Wharehoka said Te Whiti o Rongomai and Tohu Kakahi, leaders of the peaceful resistance movement against confiscation of Maori land in the 1860s, used the gardens as a way to nurture hope among the whanau who lived at the settlement at the time.
Wharehoka said the festival was also about new beginnings and a time to prepare for the year ahead.
Following the lighting of the traditional fire on Friday night, a day-long list of activities are planned for Saturday, starting off with a karanga to Puanga at 5am.
This will be followed by a working bee and then a series of workshops in the afternoon.
Based at Toroanui Marae, the celebrations also include live music and entertainment for the children along with a screening of Tatarakihi - The Children of Parihaka.
In other areas around New Zealand, celebrations for Maori New Year are often referred to as Matariki. The star constellation was used historically for navigational purposes and provided a sign to people to prepare the soil for planting.
For updated information about the festival visit Parihaka Puanga Kai Rau on Facebook.
It's all happening again! Celebrate the Maori New Year at Parihaka Pa - 12-13 June 2015. You can look at this year's program here on the website. Once again, we have bands, workshops, kids activities and gardening packed into a weekend of awesomeness! See you soon!
We had an awesome weekend at Parihaka celebrating Puanga. Photos to come tomorrow Perfect weather, good turn-out, delicious kai, inspiring speakers, beautiful music, a warm fire, fantastic documentaries, amazing talent amongst the rangatahi, and happy kids running around. Happy New Year!
Kia ora tatou!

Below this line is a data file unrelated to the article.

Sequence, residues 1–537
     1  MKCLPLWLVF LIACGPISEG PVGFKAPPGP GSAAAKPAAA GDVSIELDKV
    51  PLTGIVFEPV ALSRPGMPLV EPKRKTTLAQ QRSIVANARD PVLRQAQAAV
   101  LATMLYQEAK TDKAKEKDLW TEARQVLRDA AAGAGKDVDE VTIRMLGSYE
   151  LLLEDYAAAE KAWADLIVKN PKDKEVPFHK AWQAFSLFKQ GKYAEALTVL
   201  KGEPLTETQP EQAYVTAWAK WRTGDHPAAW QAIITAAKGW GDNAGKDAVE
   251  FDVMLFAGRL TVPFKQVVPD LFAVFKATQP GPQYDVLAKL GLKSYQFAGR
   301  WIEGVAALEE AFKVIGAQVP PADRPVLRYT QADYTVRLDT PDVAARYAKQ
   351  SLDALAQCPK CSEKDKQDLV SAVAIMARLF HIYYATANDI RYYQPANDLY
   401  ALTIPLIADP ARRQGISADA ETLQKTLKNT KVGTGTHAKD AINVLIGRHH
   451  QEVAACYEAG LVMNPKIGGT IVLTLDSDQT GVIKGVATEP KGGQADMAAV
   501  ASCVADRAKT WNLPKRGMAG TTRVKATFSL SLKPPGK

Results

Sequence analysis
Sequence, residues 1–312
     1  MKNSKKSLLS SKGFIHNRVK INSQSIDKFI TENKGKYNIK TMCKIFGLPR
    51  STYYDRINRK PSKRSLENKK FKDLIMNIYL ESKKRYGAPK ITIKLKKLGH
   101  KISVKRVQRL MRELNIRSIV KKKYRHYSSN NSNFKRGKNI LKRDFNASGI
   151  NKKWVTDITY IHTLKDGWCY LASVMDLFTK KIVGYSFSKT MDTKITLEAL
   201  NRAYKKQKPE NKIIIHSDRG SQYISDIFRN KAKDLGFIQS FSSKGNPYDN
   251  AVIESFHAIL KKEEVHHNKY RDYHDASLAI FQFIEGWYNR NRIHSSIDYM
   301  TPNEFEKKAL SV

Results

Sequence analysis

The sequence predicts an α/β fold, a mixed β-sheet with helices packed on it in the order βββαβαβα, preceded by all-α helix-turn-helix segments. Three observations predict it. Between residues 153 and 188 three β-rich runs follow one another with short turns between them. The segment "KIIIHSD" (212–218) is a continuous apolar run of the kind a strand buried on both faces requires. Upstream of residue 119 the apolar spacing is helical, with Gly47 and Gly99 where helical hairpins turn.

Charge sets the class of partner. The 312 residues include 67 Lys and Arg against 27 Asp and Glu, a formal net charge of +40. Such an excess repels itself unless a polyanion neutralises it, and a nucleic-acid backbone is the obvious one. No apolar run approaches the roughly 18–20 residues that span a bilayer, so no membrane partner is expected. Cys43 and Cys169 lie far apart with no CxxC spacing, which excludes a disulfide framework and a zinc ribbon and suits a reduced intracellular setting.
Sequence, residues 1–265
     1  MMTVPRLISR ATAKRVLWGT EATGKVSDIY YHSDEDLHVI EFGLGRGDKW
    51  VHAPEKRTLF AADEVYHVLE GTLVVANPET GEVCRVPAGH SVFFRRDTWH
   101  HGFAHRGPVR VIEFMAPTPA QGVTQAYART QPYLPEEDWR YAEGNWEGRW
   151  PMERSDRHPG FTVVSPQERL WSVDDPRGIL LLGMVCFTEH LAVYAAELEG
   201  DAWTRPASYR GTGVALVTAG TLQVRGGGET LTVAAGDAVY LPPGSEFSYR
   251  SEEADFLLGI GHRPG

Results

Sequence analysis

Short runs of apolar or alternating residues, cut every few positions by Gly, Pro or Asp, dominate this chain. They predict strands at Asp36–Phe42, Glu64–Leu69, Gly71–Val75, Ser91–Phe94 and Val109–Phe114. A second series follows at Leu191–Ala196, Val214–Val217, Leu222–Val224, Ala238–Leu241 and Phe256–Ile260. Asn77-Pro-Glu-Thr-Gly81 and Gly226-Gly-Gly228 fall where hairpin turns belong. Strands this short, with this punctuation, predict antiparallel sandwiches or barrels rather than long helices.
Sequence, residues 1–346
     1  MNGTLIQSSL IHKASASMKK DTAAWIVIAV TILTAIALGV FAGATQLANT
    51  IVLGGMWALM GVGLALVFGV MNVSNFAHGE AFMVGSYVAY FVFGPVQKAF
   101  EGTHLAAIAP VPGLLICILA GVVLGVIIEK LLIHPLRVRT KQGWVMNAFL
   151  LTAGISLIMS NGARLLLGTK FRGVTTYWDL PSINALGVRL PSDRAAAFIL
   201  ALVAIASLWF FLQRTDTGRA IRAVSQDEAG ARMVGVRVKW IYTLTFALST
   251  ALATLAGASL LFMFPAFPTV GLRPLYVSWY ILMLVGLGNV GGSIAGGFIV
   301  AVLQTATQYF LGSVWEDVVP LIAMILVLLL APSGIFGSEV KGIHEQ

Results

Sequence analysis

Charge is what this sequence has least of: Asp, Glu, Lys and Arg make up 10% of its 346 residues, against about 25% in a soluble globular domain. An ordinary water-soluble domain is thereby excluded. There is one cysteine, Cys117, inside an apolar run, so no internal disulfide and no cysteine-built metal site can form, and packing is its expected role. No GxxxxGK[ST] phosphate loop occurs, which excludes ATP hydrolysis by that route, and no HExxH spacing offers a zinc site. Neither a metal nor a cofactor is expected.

The detailed program is up on the website now. Have a look here.
Now, it's pretty windy today with rain coming from all sides it seems. Here is the good news:
True story! See you soon :-)
Here is the second article published in the local newspaper announcing Puanga Kai Rau!
Parihaka set to party
by Deena Coster (Taranaki Daily News)
Iwi prepare for Puanga Star Parihaka is getting set to party this weekend to celebrate the beginning of Puanga.
The unique festival honours the rising of the Puanga star, which marks the beginning of the Maori New Year for Taranaki iwi.
In other areas around New Zealand, the celebrations are often referred to as Matariki. The star constellation was used historically for navigational purposes and provided a sign to people to prepare the soil for planting.
This theme of renewal is one which will be threaded throughout the weekend, said festival organiser Charissa Waerea.
Following Friday's powhiri, the traditional Puanga fire will be lit and will be maintained throughout the course of the weekend.
"It symbolises ahi kaa and the presence of people living on the land," she said.
Stories from kaumatua will be shared around the fire and there will also be time for the people who had passed on to be remembered.
A range of different activities have been organised for the weekend including film screenings and live music as well as a chance for visitors to get hands-on in the community garden or as part of a working bee at the pa.
Waerea said although the weather was always a bit of a gamble at this time of year, she hoped it did not put people off from coming.
"We're extending the welcome out to people all over the maunga," she said.
She encouraged people to bring kai to share after the powhiri and people were welcome to stay on the marae overnight if they wanted to.
There are other events on to celebrate Puanga around the region over the next fortnight.
One such event is an art exhibition to be held at Hawera's Lysaght Watt Gallery which runs until June 27.
For more information about the festival visit www.puanga.info